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Is the recent disinflation cyclical or structural?

By Sajjid Z Chinoy
November 28, 2014 14:39 IST
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Will the 6 per cent inflation target be met?

What a difference a quarter makes. Back in August, markets were fretting about inflation overshooting the Reserve Bank of India (RBI)'s near-term target of 8 per cent. The monsoon was 20 per cent below normal, oil was above $100/barrel, and many hoped growth was on an upswing. Three months later, the tables have turned.

The monsoon made a dramatic recovery in September, improving the outlook on food prices, oil has collapsed to below $80/barrel allowing diesel prices to be cut by 10 per cent, and growth remains weak (with July-September growth tonight likely at or below 5 per cent), which has helped push down core inflation.

Further, both the old and new administration have taken encouraging steps on the food front: Minimum support prices have increased by only 3-5 per cent over the last three crop cycles, and the new government is far more willing to sell rice and wheat from its buffer stocks to augment market supplies. Given all this, inflation in recent months - even adjusting for base effects - has undershot projections. Markets now believe the 6 per cent target will be reached beforehand and the clamour for rate cuts has begun.

The question that needs to be asked, however, is given the new reality, whether monetary policy can be eased and the 6 per cent inflation target still be met? That, in turn, depends on a judgement about what fraction of the recent disinflation is cyclical and what fraction is structural. Most will concur it's largely cyclical. If and when growth accelerates pricing power and core will likely pick-up, unless input costs continue to moderate. Oil prices could easily reverse.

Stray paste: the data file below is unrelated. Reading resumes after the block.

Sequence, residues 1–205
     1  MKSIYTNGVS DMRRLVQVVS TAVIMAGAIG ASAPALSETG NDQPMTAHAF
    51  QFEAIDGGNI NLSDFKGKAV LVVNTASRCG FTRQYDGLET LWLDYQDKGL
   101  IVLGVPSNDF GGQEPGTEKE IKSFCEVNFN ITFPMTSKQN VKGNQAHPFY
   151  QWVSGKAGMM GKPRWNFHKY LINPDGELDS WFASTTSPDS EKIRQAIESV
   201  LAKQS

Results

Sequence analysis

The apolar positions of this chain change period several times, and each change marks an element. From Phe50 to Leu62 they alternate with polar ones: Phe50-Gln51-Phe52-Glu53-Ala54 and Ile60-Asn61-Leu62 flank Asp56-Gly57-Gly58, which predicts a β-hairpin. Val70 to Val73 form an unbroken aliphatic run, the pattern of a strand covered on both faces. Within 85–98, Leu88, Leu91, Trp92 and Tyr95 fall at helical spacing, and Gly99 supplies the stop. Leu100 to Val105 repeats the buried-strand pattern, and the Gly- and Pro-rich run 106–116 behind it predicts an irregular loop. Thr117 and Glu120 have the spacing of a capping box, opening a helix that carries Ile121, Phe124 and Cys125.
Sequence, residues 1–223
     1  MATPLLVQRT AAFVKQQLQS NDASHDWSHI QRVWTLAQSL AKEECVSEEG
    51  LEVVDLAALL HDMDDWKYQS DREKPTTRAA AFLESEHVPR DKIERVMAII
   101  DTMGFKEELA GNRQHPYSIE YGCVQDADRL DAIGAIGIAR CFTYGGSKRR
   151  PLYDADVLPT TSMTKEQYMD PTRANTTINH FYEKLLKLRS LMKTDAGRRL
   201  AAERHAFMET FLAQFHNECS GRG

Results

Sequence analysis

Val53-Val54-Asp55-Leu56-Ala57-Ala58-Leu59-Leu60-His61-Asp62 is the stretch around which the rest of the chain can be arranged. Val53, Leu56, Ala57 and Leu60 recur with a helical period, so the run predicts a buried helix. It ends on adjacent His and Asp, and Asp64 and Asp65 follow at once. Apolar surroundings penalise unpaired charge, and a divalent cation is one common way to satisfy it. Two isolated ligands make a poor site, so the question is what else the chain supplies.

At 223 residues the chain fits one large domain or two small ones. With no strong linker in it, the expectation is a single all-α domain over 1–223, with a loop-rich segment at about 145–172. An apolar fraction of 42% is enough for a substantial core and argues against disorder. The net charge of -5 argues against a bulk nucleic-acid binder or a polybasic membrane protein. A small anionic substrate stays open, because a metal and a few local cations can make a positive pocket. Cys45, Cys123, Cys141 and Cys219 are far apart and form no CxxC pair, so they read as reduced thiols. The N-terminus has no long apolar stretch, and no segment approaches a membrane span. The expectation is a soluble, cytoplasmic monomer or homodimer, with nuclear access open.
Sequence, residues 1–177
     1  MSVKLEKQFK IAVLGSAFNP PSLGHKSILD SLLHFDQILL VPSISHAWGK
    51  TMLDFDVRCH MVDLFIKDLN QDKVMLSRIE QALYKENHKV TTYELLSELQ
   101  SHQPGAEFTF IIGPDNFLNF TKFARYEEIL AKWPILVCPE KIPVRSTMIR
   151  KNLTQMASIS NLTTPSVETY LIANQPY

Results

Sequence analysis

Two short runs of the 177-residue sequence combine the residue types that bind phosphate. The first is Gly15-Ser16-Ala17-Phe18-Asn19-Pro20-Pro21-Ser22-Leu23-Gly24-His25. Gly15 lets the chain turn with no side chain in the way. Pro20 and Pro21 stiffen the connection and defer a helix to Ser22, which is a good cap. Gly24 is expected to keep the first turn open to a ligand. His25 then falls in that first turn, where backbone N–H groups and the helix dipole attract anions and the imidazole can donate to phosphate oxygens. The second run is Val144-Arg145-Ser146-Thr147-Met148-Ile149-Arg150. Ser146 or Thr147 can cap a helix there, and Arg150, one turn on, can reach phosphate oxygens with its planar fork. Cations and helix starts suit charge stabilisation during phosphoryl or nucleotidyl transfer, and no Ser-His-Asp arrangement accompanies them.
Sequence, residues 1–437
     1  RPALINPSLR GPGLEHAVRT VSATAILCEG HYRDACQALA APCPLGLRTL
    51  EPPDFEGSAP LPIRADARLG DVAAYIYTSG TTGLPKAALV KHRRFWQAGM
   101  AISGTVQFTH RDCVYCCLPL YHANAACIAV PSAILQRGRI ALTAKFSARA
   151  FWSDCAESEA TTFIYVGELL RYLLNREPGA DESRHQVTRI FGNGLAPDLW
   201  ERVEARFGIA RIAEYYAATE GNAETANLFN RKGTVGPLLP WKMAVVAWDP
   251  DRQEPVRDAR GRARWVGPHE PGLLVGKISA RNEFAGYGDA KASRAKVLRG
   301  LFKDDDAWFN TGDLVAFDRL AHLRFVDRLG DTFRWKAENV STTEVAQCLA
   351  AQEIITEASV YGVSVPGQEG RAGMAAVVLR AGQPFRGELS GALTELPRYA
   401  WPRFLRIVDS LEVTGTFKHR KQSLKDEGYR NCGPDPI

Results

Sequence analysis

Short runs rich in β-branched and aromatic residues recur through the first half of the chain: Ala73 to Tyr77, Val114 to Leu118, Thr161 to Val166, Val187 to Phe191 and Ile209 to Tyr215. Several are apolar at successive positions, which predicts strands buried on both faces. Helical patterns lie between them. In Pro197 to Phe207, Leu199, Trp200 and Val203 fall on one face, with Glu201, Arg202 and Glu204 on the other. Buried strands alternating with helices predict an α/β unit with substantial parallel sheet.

And, while there is clearly a structural element to food (lower MSPs), the true test will be whether protein and vegetable inflation can be contained on a sustained basis. To be sure, inflation is currently benefiting from the perfect storm, and this potentially opens space for modest easing in 2015: 25-50 basis points, which we believe will likely come after the Budget, though a move next week cannot be completely ruled out.

But markets must realise that time for deeper cuts has not come. Higher growth in the coming years will need higher real rates to finance. And higher real rates are only compatible with lower policy rates, if inflation moderates even further. And that, in turn, will need significant supply-side augmentation, on the food and manufacturing front which will take some time.

Only then can the disinflation be considered structural and enduring. Policymakers have fought the good fight over the last 18 months. Now let's take the macroeconomic adjustment to its logical conclusion.

 Sajjid Z Chinoy is Chief India economist, JP Morgan

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